So as excited as Mary and Joseph must've been with angels, and shepherds, and stars, and wise men, and gifts, and prophesies, and such...somehow this one little line must've stopped them in their tracks. Surely this strange and awful phrase must've lingered in the backs of their minds and disrupted them...at least a little.  So as we celebrate the gifts of these twelve days of Christmas, and the incredbile Gift given both to us and for us.  Let us recognize, and embrace--as did Mary and Joseph--the notion that maybe, just maybe, this terribly disrupting little word is somehow meant for us as well.

Thursday, December 20, 2012


...Mary had been betrothed to Joseph, before they came together she was found to be with child by the Holy Spirit.  And Joseph her husband, being a righteous man and not wanting to disgrace her, planned to send her away secretly.  But when he had considered this, behold, an angel of the Lord appeared to him in a dream, saying...Matthew 1:18-20

I wonder how long you made Joseph wait in that agonizing tension before you told him your plan?  And what was it you were trying to accomplish in the midst of his struggling and wrestling?  Were you trying to teach him to pray?  Were you building his character? Testing his faith?  Were you increasing his groaning, because it would make the soil of his soul so very fertile and receptive?  Was the time of struggle designed to increase the depths of his gratitude once you finally told him the truth?  Was it to test his love for Mary, the mother of your Son?  Was it to test his love for You?  What was that awful, struggle-filled waiting meant to do in him?  What is it meant to do in me?  How am I like Joseph, looking at an apparently no-win situation and trusting you to somehow show up in the middle of it?  To help me begin to make sense of it?  Where am I desperately waiting for you to arrive? 

Wednesday, December 19, 2012


Have this attitude in yourselves which was also in Christ Jesus, who, although He existed in the form of God, did not regard equality with God a thing to be grasped, but emptied Himself, taking the form of a bond-servant, and being made in the likeness of men.  Being found in appearance as a man, He humbled Himself by becoming obedient to the point of death, even death on a cross.

                                                                                  ~Philippians 2:5-8 (NASB)

O Jesus, how far down you had to come to reach us.  How small and how low.  Can anyone really comprehend the magnitude of that downward journey?  You who had always enjoyed true delight, the loving intimacy of the Trinity, willing to step out of the ecstasy of that intimacy because of your great desire to bring us into it.  You who was in very nature God, laid aside your Divine privilege and position to become a man of sorrows, despised and rejected by men.  You, the Eternal One, willing to become a mere mortal.  You, the Creator of all, willing to become one of the created.  O the great sacrifice,! O the immense love!  Christ emptied himself...of more than we can ever comprehend or imagine.  And gave us an example, for us to do the same.  Lord Jesus, during this season when we celebrate your stepping down out of the throne room of heaven to become one of us, show us what this emptying looks like for each of us in the days ahead.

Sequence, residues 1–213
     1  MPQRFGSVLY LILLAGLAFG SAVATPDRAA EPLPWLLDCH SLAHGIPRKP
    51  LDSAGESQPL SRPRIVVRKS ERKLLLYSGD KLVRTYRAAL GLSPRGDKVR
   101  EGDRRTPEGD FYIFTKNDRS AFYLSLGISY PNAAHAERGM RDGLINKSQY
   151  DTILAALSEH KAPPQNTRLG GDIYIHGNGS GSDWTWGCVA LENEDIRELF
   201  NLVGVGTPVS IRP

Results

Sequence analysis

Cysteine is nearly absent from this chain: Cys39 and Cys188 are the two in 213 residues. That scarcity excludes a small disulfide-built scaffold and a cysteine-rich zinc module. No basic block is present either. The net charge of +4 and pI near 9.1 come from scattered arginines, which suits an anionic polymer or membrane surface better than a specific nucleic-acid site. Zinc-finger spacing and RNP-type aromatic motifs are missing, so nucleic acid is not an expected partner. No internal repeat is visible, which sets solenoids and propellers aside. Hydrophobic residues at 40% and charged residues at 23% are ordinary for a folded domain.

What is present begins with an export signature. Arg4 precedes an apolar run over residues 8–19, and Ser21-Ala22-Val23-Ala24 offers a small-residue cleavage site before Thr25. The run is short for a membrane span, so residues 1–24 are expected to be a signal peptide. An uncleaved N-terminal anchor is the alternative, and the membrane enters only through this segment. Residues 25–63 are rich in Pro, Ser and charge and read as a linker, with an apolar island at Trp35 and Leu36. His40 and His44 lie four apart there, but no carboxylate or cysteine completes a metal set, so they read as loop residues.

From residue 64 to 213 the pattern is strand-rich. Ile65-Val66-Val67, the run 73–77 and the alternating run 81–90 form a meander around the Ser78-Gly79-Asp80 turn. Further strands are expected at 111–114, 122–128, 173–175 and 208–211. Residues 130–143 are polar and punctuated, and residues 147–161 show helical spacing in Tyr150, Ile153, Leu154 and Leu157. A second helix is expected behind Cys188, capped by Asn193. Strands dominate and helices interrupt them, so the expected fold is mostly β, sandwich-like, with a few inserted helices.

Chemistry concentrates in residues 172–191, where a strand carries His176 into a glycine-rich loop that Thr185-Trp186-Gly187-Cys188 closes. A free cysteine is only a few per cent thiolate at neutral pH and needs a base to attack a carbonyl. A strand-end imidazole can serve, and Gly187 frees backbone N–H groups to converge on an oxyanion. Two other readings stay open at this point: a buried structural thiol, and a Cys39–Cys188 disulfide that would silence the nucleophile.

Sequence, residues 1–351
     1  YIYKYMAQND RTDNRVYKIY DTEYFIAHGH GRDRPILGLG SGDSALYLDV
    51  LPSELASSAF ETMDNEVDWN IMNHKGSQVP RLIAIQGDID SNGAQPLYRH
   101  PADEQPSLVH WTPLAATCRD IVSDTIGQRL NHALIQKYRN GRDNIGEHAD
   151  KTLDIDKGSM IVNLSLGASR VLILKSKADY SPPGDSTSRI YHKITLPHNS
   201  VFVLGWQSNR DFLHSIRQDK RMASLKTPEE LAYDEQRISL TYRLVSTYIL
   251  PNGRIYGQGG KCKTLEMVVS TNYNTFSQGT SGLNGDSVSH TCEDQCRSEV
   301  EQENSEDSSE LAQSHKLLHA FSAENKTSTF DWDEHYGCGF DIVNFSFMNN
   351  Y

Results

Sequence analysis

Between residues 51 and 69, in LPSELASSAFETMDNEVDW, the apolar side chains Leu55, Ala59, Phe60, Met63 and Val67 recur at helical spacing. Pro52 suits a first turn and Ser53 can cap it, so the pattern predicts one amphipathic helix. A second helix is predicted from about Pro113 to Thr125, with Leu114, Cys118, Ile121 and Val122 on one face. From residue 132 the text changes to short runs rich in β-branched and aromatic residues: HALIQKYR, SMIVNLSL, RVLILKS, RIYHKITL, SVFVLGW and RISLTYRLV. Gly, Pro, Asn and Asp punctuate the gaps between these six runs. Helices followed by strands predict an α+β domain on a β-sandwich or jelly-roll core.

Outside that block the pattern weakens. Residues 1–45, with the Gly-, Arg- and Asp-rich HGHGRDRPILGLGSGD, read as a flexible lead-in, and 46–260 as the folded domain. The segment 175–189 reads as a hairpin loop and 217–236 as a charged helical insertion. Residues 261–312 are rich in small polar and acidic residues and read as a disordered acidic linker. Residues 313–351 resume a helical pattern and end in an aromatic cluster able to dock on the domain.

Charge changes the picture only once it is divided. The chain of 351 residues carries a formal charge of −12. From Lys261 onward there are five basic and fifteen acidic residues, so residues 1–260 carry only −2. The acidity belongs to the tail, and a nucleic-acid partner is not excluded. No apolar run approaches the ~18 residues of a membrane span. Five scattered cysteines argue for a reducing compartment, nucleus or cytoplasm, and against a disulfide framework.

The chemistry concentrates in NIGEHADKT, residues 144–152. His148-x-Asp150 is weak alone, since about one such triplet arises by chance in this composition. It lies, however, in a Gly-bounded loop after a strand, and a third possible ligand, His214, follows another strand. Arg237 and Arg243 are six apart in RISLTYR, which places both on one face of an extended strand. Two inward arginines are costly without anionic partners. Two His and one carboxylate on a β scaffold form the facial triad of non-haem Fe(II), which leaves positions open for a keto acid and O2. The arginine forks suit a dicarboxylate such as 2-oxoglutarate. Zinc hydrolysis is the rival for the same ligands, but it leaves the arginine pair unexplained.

Monday, December 17, 2012


After this his wife Elizabeth became pregnant and for five months remained in seclusion.  “The Lord has done this for me,” she said. “In these days he has shown his favor and taken away my disgrace among the people.” (Luke 1:24-25)

Our lives are full.  Oh, maybe not full in the qualitative sense, as in all the fullness of God (Eph. 3:19), but full of other, not so quality things.  We are full of doubt, full of fear, full of insecurity.  We are full of activities, full of responsibilities, full of stuff to do.  We are full of disappointment, full of groaning, full of pain.  We are full of voices. full of distractions, full of expectations.  We are simply full.  And, if the truth be known, what we are most full of is ourselves.  No wonder that there are so few times that we actually feel full of God.  How could we?  We are so full of other things there is simply no room.  There must be an emptying to take place, in order for any new kind of filling to be a possibility.

Elizabeth was full of disgrace.  She had lived for so many years being called "barren."  What an awful name to be called.  Look at some of the definitions of the word: not producing or incapable of producing offspring; sterile: unproductive; unfruitful: without capacity to interest or attract.  The Greek word used here is steira, which means hard, stiff, or unnatural.  If you are a woman, I'm guessing, it is not the type of word you would want to be known by.  It is probably not a name you want to be called.  It is a name that points out your inabilities as a woman.  And so Elizabeth, because she was barren was filled with disgrace.  But God was about to change all of that.  He was about to take away, or empty, her of all that disgrace; and fill her  instead with favor.  What a great word.  God was going to fill Elizabeth, not only with the child she most deeply longed for, but with something much, much more...His favor.